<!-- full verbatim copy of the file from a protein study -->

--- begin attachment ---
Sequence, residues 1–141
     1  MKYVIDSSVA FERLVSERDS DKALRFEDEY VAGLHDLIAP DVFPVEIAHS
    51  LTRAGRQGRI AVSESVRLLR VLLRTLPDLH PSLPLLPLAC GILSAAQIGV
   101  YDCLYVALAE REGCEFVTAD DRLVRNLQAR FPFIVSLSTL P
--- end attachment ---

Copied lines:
Sequence, residues 1–141
     1  MKYVIDSSVA FERLVSERDS DKALRFEDEY VAGLHDLIAP DVFPVEIAHS
    51  LTRAGRQGRI AVSESVRLLR VLLRTLPDLH PSLPLLPLAC GILSAAQIGV
   101  YDCLYVALAE REGCEFVTAD DRLVRNLQAR FPFIVSLSTL P